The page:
Sequester's impacts to Nev. military unknown

Published Caption: Jim Grant / Nevada Appeal

Published Caption: Jim Grant / Nevada Appeal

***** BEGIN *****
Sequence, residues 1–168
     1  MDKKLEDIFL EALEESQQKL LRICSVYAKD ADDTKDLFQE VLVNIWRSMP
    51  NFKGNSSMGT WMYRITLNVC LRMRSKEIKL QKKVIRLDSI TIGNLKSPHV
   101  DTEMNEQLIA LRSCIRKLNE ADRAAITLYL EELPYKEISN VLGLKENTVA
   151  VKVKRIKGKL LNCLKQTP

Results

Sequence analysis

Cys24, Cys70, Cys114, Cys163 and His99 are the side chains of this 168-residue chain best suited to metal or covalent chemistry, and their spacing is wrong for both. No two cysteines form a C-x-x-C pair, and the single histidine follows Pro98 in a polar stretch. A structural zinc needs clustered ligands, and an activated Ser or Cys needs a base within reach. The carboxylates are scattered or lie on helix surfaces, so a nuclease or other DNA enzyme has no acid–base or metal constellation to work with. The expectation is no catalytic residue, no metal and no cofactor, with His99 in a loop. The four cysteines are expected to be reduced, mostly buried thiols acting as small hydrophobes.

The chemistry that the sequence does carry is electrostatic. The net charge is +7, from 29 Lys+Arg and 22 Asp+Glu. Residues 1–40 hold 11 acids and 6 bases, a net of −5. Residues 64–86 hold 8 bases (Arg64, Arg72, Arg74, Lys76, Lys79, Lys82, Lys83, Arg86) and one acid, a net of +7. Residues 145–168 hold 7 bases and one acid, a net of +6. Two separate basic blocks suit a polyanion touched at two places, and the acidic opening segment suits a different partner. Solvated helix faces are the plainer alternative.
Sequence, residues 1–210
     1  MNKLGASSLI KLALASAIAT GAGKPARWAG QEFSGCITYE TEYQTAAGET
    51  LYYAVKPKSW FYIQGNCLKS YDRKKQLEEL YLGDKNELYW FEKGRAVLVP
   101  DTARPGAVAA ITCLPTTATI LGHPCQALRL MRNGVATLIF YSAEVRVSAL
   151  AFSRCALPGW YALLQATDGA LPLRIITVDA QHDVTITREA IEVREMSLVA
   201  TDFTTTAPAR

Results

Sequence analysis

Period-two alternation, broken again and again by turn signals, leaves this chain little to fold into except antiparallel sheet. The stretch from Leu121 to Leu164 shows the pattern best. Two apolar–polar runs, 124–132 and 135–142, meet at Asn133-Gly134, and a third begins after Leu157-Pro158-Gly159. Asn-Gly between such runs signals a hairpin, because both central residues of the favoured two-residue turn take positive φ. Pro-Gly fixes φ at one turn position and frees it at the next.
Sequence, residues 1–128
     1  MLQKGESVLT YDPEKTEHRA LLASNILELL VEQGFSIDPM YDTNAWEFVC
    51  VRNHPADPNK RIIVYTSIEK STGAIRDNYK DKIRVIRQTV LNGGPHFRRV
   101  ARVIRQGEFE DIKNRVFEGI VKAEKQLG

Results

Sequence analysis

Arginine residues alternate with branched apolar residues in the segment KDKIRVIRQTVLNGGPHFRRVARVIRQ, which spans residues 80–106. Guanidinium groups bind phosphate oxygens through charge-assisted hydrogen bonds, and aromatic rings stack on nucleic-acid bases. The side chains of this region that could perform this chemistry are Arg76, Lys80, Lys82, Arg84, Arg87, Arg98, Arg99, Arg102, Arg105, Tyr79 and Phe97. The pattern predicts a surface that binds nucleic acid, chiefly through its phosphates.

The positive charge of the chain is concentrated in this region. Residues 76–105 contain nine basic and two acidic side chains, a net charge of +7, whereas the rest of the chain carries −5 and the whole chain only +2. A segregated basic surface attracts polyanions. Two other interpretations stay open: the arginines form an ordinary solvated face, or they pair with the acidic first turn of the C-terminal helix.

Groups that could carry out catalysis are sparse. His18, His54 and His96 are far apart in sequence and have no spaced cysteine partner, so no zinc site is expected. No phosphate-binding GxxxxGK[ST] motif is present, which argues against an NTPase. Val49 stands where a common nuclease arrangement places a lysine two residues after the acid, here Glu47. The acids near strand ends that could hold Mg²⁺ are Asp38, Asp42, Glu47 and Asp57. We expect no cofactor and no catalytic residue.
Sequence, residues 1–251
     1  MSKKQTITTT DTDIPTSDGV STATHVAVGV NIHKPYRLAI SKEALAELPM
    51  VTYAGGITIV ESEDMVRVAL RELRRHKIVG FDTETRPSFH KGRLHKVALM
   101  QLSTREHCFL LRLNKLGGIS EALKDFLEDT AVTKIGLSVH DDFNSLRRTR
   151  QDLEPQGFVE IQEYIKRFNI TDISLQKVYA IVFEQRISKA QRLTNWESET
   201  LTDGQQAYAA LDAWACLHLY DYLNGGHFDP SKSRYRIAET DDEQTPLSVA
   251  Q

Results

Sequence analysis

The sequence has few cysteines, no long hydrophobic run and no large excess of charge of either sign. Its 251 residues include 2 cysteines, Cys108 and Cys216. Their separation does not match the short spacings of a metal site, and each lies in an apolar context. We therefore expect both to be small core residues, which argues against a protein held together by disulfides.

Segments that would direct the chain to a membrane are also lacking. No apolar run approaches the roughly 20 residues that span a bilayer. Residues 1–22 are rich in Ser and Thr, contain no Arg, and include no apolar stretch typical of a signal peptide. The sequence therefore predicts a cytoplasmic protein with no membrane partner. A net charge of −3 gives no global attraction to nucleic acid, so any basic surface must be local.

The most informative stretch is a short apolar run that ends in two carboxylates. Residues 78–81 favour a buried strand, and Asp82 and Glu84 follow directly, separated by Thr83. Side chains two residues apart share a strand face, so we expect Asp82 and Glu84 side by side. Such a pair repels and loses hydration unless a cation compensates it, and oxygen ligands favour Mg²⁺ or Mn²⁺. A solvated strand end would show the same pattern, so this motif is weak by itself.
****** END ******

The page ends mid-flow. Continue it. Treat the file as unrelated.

Two Northern Nevada communities that rely on military operations could severely feel the effects of reduced federal government spending because of sequestration.Officials from both Fallon, whose economy relies on the naval air station southeast of town, and Carson City, headquarters for the Nevada Military Department, expressed reservation on the impact of the military cuts set forth by sequestration.Mandated by a 2011 deficit reduction law, sequestration requires the cutting of $85 billion — about $46 billion applied the Department of Defense. Since Congress and the administration were unable to work out a deal on Friday, the sequestration went into effect, although the ramifications may not be known for at least a month.“I have a concern,” said Churchill County Manager Eleanor Lockwood. “I don't know what the impacts will do, when the impacts will occur.”Lockwood, like other appointed and elected officials in counties served by the armed forces, is especially guarded when discussing the potential impact of sequestration on the military.Before leaving office this week, Defense Secretary Leon Panetta said as many as 800,000 government employees could be furloughed through the end of the federal fiscal year, which ends Sept. 30. He said DOD civilian employees could lose as much as 20 percent of their salaries. Active duty military personnel would not see their pay affected by sequestration. According to the DOD, civilians would begin their furlough days in April after they receive a 30-day notice notifying them of their changed pay status. Upward to 900 federal employees at NS Fallon could be affected.The Army, which includes the Nevada Army National Guard and Hawthorne Army Depot, stands to lose upward to $1.2 million according to a federal report. Upward to 140 civilian employees for the Nevada Military Department may be furloughed, thus representing a loss in salary between $650,000-$750,000. The loss to the local economy could be twice that amount according to a formula local governments use to gauge spending.Carson City Mayor Robert Crowell said the National Guard is a big part of the community.“Any degradation of service would be harmful to the guardsmen in our community and to our economy,” he said.Training for both the Navy and National Guard will have fewer dollars because of sequestration. Funding for Air Force operations, which would occur at Nellis and Creech Air Force bases in Southern Nevada and the Nevada Air National Guard in Reno, is targeted for about a $2 million loss.Lt. Aaron Kakiel, public affairs officer for the U.S. Naval Air Systems Command (NAVAIR) in San Diego, previously reported the Navy is still waiting for guidance on future training and operations regarding the aircraft carriers and their air wings. Kakiel, though, said sequestration would impact Navy training in the third and fourth quarters since money has already been allotted for the first two quarters of the fiscal year.Funding for Army operations in Nevada will also take a chunk out of the economy and unit readiness in Carson City, but the DOD has not released a specific figure. Col. Felix Castagnola, U.S. Property and Fiscal Officer, said it's difficult to discuss an exact amount until the federal government releases specific figures.“Not knowing how long sequestration is going to last, future training budgets are uncertain,” Castagnola said. “As a result, we will prioritize and maximize all training opportunities so that critical skills can still be maintained as best possible.”Castagnola, who has served in the military for more than 33 years, said he expects proportional cuts relative to the service sizes in both the Nevada Army and Air Guard.“Cutting 10 percent of aircraft maintenance can have a more debilitating affect than cutting 10 percent of wheeled vehicle maintenance,” he said. “We'll mitigate the cuts as best we can, so we can respond to any federal, domestic, or state mission as requested.”Castagnola, however, said any units training for overseas deployment now or in the next one to two years will not be affected by the sequestered cuts.“If it occurs it will obviously effect readiness, but at this point in time we really don't have true visibility,” he said.The DOD also stated training will be curtailed during the third and fourth quarters since money was allocated for the first half of the fiscal year.Although curtailing the number of Carrier Strike Groups may have minimal consequence, Navy officials said it could be devastating near the end of the year.In early February, for example, DOD indefinitely delayed the deployment of the aircraft carrier USS Harry S. Truman and guided-missile cruiser USS Gettysburg. In a recent memo, Adm. John Greenert, chief of Naval Operations, looked at the impact that would be caused by sequestration.For example, additional cuts caused by sequestration would include shutting down four of nine carrier air wings in March; furlough civilians for 22 work days; cancel Blue Angels shows; delay the deployments of the aircraft carriers Harry S. Truman and Dwight D. Eisenhower; and two strike groups, the Nimitz and George H.W. Bush, would not be ready for their fiscal year 2013 deployments.The Navy is also reducing the number of carrier strike groups in the Middle East from two to one. Since Naval Strike Air Warfare Center at NAS Fallon trains air wing pilots and their crews, the air station may see significant cuts, which could also impact Churchill County. Although Navy officials did not have specific details, the Lahontan Valley News examined the impact based on annual county reports and previous DOD and White House studies.According to Lahontan Valley News analysis, “The typical federal or GS worker averages $45,000 in pay, and over a seventh-month period, each employee may be required to take 22 furlough days. The combined salary during this time amounts to $23.62 million, but if sequestration results in a 20-percent reduction in pay, then the loss to the area economy is $4.7 million; a 10 percent cut, though, causes a $2.3 million hit.”That monetary loss could range between $5.75 million to $11.75 million depending on the final cuts. With each air wing being delayed or canceled to Fallon for training, Churchill County officials estimated the economy could take a $200,000-$250,000 hit.“Though I remain hopeful that federal leaders in Washington can come to the table to find a solution to avoid sequestration, I want my fellow Nevadans to know that I will do everything I can to mitigate the potential effects of sequestration on our state,” Gov. Brian Sandoval said Thursday.“Should sequestration go into effect, we must deal with the real world impacts of the cuts and guide Nevada through this period. Unlike elected officials in Washington, we must take swift action to mitigate the extensive consequences. My administration started planning for sequestration last summer, knowing we may need a contingency plan should it go into effect.”Sen. Dean Heller, R-Nev., addressed his feelings on Wednesday with sequestration.“As the only member of the Nevada delegation to vote against sequestration, I opposed President Obama's cuts from the very beginning,” Heller said. “Instead, I urged the President, Democrats and Republicans to work together and find a long-term solution. The men and women of our Armed Forces continue to put themselves in harm's way, and it is Congress's responsibility to ensure their safety and security. Both President Obama and Members of Congress should spend less time pointing fingers and more time focused on finding a path forward.” Congressman Mark Amodei, R-Nev., said he's frustrated with sequestration.“We passed two bills last year — HR 5652 and HR 6684 — that would eliminate the FY 2013 sequester and reduce the deficit by $237 billion,” he said in a press release. “They are notable in that they offered savings to accomplish the fiscal reductions while not creating catastrophic and sudden cuts to shock all concerned, as well as the local and national economies.” Additionally, Amodei said the delay in addressing sequestration is nothing more than a slap in the face to the middle class.Majority Leader Sen. Harry Reid, D-Nev., said it's not too late to avoid the cuts.“Democrats have a balanced proposal to remove the threat of the sequester. Our proposal would reduce the deficit by making smart spending cuts,” he said Thursday. “It would also close wasteful tax loopholes that allow companies that outsource jobs to China or India to claim tax deductions for doing so. Our plan would stop wasteful subsidies to farmers, some of whom don't even farm anymore. And it would ask the wealthiest among us — those making millions each year — to pay just a little more to help reduce the deficit.”